Given a rooted tree , we define a Gaussian distribution on as follows. First, set . Then to each vertex we associate independently a Gaussian random variable with mean zero and variance . The corresponding Markov process on is a collection of real-valued random variables for . They satisfy


Since a linear transformation of a Gaussian vector is also Gaussian, we conclude that the random vector

is Gaussian. The set of covariance matrices of the marginal distributions on the leaf-variables is the polyhedral cone .

Proposition 2.1.

The random vector

is normally distributed with mean zero, and the entries

of its covariance matrix are


The resulting Gaussians on are precisely those with covariance matrices in .


Using (4) recursively, we can write each in terms of the error terms as

Equation (5) follows from this and the fact that all ’s are mutually independent. The linear inequalities that define the polyhedral cone inside the linear space are equivalent to the requirement that the ’s be nonnegative. ∎

Example 2.2.

Consider the tree in Figure 1. The random variables for the inner vertices of the tree are , , , , and we have for the leaves.

The are independent univariate Gaussians with mean and variance . Hence the marginal distribution of is Gaussian with the covariance matrix


This is the matrix in (5) and in Figure 1. The constraint that the are nonnegative translates into the inequalities and and . ∎

The extreme rays of the polyhedral cone are as follows. Let be the vector with if and otherwise. The corresponding rank one matrices form a basis for . In fact, the matrix in (5) equals

Corollary 2.3.

The cone is a simplicial cone, spanned by the rank one matrices associated with vertices . It is contained in the spectrahedral cone .

Note that this inclusion is strict. For instance, the matrix in (6) is positive definite if we set , and . This means that the linear covariance model is strictly larger than the Brownian motion tree model.

We next interpret our model in the context of distance-based phylogenetics. Using the natural bijection between non-root vertices and edges, we label each edge of with a parameter . This is shown in the tree on the right in Figure 1. We think of as the length of the associated edge. We compute the distance between any two leaves of by summing the lengths of edges on the unique path joining them. The collection of resulting distances for is a tree metric on .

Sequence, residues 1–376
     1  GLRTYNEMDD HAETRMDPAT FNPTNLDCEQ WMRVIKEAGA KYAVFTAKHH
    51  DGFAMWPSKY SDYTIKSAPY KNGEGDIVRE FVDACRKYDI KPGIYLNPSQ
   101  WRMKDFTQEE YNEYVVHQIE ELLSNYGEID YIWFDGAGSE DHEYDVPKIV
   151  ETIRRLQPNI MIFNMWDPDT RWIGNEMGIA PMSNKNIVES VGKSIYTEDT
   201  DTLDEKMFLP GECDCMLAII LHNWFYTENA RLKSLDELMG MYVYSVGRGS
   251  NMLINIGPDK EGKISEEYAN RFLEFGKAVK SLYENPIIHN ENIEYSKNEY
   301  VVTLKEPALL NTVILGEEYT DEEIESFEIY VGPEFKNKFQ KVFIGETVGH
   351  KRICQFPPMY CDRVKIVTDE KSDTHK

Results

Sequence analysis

The correspondence between ultrametric matrices and tree metrics on taxa is known in phylogenetics as the Farris transform. The formulas are

and these are equivalent to (5). The inverse of the Farris transform is given by

Proposition 2.4.

The model is identified with the cone of tree metrics on via the Farris transform . The parameters are the lengths of the edges.


The diagonal entry of the covariance matrix is the sum of the lengths of the incoming edges for all vertices on the path from the root to leaf . Therefore, is the distance from to in the unrooted tree . Each off-diagonal entry is the length of the path from the root to . Hence is the length of the path from to the leaf . We conclude that is the length of the path from leaf to leaf in . Since the Farris transform is an invertible linear transformation, it identifies the two simplicial cones in . ∎

We next turn to the space of all tree metrics, which is a key object in phylogenetics. A classical result of Buneman [Bun71] states that a metric on is a tree metric (for some tree) if and only if it satisfies the four point condition:


If is a tree metric on then the following additional equation holds:


The constraints (8) and (9) are well-known also in tropical geometry [MS15, §4.3] where one identifies the space of tree metrics with the tropical Grassmannian that parametrizes tropical lines in . This is related to Theorem 1.2 as follows.

Remark 2.5.

If we set then the linear relations (9) that hold for tree metrics on are precisely the equations that define the toric ideal .

We now state our main result. It augments Theorem 1.2 by incorporating the inequalities in (8). The unrooted tree obtained from by restricting to any four leaves is called a quartet of . If equality holds in (8) then this four-leaf tree is a star quartet. If the inequality in (8) is strict then we call it a trivalent quartet.

Theorem 2.6.

Given any rooted tree , the set of concentration matrices in the Brownian motion tree model is the set of positive definite matrices satisfying

Remark 2.7.

These inequalities are satisfied by where is any tree metric on . Thus, the set of models , where ranges over all rooted trees on leaves, is a multiplicative realization of the space of phylogenetic trees. This is reminiscent of the space of phylogenetic oranges studied by Moulton and Steel [MS04].

We illustrate the contents of Theorem 2.6 for our running example.

Example 2.8.

Fix the tree in Figure 1 with covariance matrix in (6). Set . Writing the concentration matrix as in Example 1.1, we have

The five quadratic binomials in are zero for these . Assuming this, Theorem 2.6 says that these expressions are nonnegative if and only if .

3. Toric ideals from trees

In this section we prove Theorem 1.2. The proof of Theorem 2.6 is given in Section 5. The following code in Macaulay2 [M2] provides the quadratic generators for our running example. It also shows that the rooted tree need not be binary.

Example 3.1.

Example 1.1 can be verified in Macaulay2 [M2] by running this code:

R = QQ[t1,t2,t3,t4,t5,t6,t7,p01,p02,p03,p04,p12,p13,p14,p23,p24,p34];
S = matrix {{t1,t5,t7,t7},